November 16th, 2021
If given an opportunity to know ahead of time the questions that would be asked of you in an upcoming interview or quiz, it is likely the outcome would be significantly better than if you were surprised by the questions. This same concept may be applied to audits of risk adjustment claims and other medical services. Each year the OIG identifies areas of vulnerability for providers and payers and then audits these vulnerable areas to identify possible overpayments.
A careful review of the OIG’s annual Work Plan can help organizations strategize and direct internal auditing resources. All efforts should be made to identify weaknesses and overpayments and correct them under the direction of legal counsel.
An OIG report from May of 2021 includes the findings from a 2015-2016 RADV audit on Anthem Community Insurance Company, Inc., a prominent Medicare Advantage Organization (MAO) providing benefits to a large number of Medicare beneficiaries. This report identifies the areas where the OIG feels Anthem either made errors, inappropriately reported, and were paid for diagnoses that were not supported by the medical record.
Risk adjustment is a mechanism for financing health care that is based on the level of risk associated with providing healthcare coverage to individual beneficiaries. The health of each beneficiary is assessed through the provision of healthcare services, which are documented by the treating healthcare provider. Documentation includes and must support any diagnoses reported for the patient using the ICD-10-CM codeset, following the official coding guidelines. Each ICD-10-CM code is assigned a hierarchical condition category (HCC) code, which carries a specific value. When all assigned HCC values have been summed for a given reporting period, a total risk is identified by which funding is determined. All diagnoses must be supported by the medical record and coded according to the ICD-10-CM coding guidelines. Risk Adjustment Diagnosis Validation (RADV) audits are performed by the government to identify overpayments caused by improper ICD-10-CM code assignments either due to a lack of medical documentation to support the assigned code or failure to properly apply the coding guidelines during the code assignment process.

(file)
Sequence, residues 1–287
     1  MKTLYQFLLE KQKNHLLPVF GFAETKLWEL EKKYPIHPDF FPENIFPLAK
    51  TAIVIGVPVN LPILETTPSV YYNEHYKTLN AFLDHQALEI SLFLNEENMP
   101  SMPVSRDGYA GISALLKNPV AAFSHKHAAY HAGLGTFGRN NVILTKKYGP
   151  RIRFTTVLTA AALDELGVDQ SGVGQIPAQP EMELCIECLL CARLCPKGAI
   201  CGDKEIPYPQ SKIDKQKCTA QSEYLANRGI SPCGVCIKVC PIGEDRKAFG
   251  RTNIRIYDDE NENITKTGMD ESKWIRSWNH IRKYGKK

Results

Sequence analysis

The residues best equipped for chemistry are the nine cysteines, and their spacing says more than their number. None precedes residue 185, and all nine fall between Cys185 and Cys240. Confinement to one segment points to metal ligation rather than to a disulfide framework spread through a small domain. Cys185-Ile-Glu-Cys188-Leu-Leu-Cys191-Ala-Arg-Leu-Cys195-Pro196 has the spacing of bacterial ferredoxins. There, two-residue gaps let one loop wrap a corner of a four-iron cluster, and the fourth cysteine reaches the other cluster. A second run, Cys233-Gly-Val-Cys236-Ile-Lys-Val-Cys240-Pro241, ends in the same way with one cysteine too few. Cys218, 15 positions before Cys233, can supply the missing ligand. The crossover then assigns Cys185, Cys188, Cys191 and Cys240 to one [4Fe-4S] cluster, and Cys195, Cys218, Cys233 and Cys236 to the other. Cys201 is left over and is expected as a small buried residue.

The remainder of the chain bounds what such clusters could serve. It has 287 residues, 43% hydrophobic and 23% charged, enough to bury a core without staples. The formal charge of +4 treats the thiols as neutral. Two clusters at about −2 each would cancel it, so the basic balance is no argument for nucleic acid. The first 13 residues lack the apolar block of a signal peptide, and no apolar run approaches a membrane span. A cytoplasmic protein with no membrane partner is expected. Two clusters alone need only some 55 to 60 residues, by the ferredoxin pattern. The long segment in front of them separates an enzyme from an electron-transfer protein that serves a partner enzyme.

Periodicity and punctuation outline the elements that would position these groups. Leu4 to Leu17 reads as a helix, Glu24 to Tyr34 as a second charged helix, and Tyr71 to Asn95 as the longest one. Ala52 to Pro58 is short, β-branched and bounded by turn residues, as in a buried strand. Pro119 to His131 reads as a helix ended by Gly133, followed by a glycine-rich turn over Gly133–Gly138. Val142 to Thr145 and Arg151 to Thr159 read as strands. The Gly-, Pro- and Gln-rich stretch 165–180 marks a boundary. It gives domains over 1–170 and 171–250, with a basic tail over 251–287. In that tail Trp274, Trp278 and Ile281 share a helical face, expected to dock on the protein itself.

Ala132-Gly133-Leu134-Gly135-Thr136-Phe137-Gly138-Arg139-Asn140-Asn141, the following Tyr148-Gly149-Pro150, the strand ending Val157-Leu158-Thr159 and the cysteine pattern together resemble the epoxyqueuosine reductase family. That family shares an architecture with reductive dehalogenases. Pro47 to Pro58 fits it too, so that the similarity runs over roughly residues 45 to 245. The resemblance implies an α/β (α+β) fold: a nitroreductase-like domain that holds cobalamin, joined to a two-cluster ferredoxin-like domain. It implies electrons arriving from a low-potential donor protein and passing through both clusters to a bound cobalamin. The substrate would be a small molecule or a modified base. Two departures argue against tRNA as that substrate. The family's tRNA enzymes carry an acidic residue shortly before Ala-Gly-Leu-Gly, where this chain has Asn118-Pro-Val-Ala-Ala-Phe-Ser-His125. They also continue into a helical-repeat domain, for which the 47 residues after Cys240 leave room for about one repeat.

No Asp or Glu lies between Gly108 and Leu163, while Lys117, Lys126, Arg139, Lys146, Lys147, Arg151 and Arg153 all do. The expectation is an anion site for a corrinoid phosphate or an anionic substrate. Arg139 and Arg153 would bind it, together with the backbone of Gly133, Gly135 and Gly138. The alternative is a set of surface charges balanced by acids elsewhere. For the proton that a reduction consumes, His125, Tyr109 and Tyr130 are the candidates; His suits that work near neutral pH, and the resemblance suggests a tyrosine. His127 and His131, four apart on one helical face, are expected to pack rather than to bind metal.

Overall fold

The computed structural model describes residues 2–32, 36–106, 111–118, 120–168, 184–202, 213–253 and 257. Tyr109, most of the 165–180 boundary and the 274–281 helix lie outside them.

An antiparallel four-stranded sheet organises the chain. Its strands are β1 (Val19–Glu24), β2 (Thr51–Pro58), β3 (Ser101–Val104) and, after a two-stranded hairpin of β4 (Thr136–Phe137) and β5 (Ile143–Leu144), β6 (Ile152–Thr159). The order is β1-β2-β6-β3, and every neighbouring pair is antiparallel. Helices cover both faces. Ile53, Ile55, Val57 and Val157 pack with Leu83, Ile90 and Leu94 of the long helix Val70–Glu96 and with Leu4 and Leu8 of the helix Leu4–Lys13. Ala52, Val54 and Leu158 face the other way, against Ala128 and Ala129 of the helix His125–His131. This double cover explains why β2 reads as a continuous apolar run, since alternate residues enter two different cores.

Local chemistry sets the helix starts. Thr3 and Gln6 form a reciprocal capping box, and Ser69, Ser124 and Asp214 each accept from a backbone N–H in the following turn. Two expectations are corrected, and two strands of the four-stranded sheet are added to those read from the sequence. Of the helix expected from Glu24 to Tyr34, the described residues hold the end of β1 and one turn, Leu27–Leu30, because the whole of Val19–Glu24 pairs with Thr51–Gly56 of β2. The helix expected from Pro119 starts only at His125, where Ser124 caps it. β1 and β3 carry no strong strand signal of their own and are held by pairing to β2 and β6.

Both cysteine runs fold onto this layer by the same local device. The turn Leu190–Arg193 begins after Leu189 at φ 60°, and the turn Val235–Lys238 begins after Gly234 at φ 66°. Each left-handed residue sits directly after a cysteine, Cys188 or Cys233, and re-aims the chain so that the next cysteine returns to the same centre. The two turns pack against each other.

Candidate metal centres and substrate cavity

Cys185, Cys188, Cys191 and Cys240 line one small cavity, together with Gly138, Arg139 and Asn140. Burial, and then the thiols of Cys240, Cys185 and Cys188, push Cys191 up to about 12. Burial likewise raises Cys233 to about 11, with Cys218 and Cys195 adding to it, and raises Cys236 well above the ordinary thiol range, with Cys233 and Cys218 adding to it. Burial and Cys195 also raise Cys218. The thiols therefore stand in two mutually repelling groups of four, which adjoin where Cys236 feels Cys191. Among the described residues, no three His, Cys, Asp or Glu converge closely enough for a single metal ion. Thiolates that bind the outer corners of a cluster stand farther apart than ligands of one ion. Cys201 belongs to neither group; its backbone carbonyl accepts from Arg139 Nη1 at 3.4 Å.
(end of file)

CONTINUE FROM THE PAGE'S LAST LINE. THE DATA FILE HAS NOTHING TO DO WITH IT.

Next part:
In this particular report, the OIG identified several problems they believe caused overpayments for which they are demanding repayment. Reports like these are valuable auditing tools as they:
- identify problematic diagnoses
- cite coding and documentation criteria the OIG is looking for
- detail counter arguments by the payer
- provide insight into the issues the OIG has discovered with certain high risk diagnoses helping payers set improved compliance standards
- present an overall picture of how to formulate and argue points of contention
- provide a list of diagnosis codes, guidelines, and provider documentation issues that should be addressed to avoid similar auditing outcomes
For example, this report highlights the need for providers to document with greater detail a more complete diagnosis when available, as arguments were made on both sides regarding how to properly report mild depression with the OIG stating is should be reported as “depressive disorder, not otherwise specified” while Anthem argued supporting documentation concludes it was “major depressive disorder, mild.” While it may seem like a minor issue, this particular argument could result in repayment of $10,786 if not correctly reported.